THE ADVOCATE 235
VOL. 77 PART 2 MARCH 2019
RETURN TO USEFULNESS
Growing up in a household with an alcoholic mother was confusing. My
father travelled regularly for work. Memories of my childhood are plagued
with seemingly endless nights, listening to the failed footwork of my
mother navigating the hallways. At a very young age I decided for myself
that I must be doing something to cause her condition. This irrational sense
of responsibility grew with the years, and so did my central belief system
built on a foundation of fear.
Perhaps as a coping mechanism, I quickly became focused on competitive
hockey and soccer. I was comfortable with sport. I knew exactly where
I had to be, when I had to be there and what was expected of me. My mom
and dad both attended regularly. I truly valued this time with my parents.
My dad is a hard-working, loving man, and he set a very good example of
what to strive for in life.
Eventually, as a result of a shoulder injury and a failed junior hockey
attempt, my convenient distraction from fear came to an abrupt end. I
became restless, irritable and discontent. I quickly found a new solution to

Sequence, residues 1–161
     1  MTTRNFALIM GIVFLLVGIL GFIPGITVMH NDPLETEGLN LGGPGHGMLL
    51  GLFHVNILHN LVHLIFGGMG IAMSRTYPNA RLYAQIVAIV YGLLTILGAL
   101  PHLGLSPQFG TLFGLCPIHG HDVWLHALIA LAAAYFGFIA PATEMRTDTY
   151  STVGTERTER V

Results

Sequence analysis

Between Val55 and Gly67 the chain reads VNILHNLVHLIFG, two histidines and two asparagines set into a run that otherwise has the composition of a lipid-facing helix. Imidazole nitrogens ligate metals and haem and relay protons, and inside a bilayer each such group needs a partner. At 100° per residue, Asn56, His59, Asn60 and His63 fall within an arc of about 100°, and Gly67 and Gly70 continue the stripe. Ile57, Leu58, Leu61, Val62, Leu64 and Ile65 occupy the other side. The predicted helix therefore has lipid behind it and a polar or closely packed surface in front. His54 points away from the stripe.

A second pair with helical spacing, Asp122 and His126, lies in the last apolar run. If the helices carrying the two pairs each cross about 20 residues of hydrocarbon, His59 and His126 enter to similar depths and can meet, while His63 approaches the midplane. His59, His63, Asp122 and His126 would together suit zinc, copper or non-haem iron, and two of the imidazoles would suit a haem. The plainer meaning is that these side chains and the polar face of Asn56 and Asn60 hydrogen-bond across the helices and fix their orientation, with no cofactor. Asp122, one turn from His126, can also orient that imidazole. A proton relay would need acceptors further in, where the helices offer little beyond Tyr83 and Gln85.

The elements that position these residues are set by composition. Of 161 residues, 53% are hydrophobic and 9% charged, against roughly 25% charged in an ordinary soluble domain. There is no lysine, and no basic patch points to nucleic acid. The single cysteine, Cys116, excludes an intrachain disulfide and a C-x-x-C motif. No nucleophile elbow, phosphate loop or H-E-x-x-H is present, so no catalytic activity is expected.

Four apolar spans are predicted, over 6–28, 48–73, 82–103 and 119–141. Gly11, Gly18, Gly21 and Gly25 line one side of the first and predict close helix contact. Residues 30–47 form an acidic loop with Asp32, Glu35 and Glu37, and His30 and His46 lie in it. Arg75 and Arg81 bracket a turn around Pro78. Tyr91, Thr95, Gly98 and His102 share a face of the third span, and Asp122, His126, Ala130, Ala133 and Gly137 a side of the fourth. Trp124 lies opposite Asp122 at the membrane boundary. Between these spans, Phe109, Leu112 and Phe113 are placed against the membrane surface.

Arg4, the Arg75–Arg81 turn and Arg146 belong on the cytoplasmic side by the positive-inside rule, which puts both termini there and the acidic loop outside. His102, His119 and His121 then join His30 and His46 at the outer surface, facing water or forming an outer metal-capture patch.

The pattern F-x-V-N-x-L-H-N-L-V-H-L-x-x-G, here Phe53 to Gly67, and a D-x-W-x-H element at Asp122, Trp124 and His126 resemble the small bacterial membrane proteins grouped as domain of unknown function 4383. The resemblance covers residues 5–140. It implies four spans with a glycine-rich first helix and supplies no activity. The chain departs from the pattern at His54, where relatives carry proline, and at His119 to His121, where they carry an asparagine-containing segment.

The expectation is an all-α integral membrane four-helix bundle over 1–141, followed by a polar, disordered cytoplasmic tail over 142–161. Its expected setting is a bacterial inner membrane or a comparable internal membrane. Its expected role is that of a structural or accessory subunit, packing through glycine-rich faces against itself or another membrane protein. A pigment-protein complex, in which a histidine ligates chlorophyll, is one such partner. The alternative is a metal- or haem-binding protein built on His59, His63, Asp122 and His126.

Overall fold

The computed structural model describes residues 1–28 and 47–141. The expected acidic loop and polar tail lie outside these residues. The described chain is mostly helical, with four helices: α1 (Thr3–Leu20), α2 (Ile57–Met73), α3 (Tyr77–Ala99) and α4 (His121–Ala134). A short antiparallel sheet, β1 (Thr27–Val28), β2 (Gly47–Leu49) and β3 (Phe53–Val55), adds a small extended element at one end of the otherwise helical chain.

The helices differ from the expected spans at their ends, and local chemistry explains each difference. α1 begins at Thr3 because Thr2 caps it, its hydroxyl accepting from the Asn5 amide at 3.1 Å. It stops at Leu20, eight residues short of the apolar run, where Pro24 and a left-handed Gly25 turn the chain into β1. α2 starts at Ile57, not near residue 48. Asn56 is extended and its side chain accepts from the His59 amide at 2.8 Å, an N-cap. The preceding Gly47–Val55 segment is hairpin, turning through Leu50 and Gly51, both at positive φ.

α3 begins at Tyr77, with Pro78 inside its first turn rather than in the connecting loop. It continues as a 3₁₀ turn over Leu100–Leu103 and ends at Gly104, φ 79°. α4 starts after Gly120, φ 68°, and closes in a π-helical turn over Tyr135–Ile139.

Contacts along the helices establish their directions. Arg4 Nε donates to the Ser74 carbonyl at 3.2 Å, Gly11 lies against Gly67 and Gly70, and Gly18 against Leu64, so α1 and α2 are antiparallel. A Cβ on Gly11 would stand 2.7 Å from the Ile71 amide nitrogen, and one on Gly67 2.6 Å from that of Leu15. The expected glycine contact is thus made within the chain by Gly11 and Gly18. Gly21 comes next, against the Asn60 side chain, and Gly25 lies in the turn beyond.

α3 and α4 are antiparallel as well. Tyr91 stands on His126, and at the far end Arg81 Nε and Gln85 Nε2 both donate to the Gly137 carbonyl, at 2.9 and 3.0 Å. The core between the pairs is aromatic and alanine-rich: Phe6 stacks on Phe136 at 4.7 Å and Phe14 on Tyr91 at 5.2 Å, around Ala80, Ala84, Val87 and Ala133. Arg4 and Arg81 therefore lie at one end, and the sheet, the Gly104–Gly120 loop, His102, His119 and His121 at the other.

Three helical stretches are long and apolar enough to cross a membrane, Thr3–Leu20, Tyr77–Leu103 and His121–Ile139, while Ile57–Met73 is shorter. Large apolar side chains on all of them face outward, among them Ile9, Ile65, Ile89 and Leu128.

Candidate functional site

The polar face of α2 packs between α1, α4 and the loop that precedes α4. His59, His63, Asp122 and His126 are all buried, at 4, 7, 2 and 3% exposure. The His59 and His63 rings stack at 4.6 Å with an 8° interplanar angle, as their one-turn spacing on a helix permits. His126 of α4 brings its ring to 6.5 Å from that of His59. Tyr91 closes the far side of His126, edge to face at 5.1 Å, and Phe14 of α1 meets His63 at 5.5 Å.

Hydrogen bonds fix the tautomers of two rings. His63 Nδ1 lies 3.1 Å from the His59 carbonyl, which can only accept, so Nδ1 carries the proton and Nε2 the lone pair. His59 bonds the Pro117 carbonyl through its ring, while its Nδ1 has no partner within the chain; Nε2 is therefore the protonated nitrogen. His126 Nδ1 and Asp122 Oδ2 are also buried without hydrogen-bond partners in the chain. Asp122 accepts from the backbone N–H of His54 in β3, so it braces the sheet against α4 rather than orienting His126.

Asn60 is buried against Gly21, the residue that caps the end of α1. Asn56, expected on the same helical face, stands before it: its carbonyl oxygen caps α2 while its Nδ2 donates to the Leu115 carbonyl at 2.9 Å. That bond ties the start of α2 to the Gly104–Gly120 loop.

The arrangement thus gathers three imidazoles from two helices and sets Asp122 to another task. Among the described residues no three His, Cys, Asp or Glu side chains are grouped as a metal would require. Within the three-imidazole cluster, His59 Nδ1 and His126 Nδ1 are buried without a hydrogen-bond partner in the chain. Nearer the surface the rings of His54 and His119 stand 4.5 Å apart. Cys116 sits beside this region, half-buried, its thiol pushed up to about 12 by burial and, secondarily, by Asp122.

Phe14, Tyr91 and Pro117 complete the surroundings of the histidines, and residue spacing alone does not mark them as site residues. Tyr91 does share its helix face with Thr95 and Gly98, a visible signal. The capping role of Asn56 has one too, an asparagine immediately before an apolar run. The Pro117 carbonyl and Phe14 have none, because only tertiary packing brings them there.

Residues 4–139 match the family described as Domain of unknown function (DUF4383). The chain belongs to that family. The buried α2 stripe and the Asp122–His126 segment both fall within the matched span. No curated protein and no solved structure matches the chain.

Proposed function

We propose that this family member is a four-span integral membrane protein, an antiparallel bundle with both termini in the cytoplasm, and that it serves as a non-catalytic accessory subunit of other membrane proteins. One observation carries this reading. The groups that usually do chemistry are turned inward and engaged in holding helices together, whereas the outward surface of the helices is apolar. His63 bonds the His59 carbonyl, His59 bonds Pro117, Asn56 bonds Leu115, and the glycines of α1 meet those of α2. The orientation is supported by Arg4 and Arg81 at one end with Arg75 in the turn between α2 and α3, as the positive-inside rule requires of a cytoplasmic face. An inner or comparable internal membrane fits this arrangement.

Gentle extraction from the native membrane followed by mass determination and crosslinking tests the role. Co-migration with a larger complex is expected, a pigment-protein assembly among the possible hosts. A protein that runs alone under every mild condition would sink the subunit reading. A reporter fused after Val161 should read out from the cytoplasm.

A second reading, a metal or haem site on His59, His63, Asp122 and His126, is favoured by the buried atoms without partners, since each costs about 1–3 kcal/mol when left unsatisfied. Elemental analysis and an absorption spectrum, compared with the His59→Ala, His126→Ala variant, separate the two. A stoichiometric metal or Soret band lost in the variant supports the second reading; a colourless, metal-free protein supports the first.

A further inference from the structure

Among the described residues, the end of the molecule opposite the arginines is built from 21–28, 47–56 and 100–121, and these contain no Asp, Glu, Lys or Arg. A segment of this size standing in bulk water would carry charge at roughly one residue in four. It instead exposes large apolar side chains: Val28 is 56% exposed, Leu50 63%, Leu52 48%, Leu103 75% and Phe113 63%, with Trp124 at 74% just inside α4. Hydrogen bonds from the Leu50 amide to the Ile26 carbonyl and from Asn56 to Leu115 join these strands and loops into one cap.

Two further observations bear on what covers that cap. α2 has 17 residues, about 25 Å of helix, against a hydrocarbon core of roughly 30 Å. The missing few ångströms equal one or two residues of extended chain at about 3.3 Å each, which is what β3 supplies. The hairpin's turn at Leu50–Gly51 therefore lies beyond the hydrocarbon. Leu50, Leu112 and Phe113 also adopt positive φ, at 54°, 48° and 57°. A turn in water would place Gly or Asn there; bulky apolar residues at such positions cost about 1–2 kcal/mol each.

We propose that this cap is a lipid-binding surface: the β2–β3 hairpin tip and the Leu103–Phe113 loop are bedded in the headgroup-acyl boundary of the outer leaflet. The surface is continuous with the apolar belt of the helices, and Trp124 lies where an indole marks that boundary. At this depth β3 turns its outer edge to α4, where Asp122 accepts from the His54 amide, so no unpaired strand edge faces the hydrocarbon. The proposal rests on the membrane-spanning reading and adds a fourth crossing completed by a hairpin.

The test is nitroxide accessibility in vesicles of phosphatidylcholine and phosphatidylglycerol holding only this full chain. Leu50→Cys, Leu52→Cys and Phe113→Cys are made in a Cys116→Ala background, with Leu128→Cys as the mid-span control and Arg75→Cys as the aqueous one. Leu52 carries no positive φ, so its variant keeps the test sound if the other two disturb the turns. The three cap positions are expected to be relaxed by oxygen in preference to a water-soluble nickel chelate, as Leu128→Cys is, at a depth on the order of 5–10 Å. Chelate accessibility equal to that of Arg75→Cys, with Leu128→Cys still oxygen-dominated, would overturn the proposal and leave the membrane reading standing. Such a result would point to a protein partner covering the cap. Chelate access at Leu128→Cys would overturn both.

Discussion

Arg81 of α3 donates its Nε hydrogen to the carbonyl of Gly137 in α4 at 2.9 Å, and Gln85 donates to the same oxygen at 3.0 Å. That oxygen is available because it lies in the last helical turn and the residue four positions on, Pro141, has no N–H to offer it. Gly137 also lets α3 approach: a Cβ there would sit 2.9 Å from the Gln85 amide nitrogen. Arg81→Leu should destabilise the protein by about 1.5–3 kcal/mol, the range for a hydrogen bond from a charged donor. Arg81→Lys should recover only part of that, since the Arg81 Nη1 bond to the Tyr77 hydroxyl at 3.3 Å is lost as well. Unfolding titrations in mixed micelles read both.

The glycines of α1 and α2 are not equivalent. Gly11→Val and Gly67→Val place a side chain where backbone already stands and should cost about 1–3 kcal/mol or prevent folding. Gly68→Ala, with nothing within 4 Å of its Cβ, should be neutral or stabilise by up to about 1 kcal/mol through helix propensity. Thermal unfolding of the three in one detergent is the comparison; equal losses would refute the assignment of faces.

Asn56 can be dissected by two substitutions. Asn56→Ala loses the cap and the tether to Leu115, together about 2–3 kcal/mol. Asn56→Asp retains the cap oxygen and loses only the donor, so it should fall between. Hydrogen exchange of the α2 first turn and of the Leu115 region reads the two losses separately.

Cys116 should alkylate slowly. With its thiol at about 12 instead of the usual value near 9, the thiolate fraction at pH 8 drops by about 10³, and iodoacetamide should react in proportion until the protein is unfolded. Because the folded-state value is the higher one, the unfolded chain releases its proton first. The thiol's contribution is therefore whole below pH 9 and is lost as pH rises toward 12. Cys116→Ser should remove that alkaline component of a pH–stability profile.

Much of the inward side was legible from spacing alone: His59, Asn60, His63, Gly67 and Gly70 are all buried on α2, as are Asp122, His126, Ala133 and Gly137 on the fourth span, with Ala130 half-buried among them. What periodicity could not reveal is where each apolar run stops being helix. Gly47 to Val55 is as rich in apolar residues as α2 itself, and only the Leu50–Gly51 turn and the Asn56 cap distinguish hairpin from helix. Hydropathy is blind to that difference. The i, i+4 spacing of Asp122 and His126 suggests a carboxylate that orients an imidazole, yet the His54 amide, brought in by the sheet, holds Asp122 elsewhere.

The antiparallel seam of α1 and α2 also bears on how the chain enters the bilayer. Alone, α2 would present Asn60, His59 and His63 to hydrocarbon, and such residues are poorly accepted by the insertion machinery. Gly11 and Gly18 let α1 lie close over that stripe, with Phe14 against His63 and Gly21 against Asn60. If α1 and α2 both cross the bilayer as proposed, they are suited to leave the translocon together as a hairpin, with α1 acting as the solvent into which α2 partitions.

ward off feeling this way: drinking and using drugs. But the relief was shortlived.
Each time I used, I lived with ever-increasing irrational fear.
I began mixing drugs and alcohol with extreme sports. This potentially
lethal combination of adrenaline and chemicals was now the only way I
could experience any relief from my obsessive thoughts and fears. Healthy
relationships became increasingly difficult to maintain as I became less
responsible, less reliable and less rational.
I was in serious car accident in 2008. While it was fortunate no one was
seriously injured, this event resulted in a criminal driving offence and a
three-year driving ban. This was a pivotal event in my life. I wouldn’t drive
again for nearly ten years. I couldn’t function comfortably in society sober,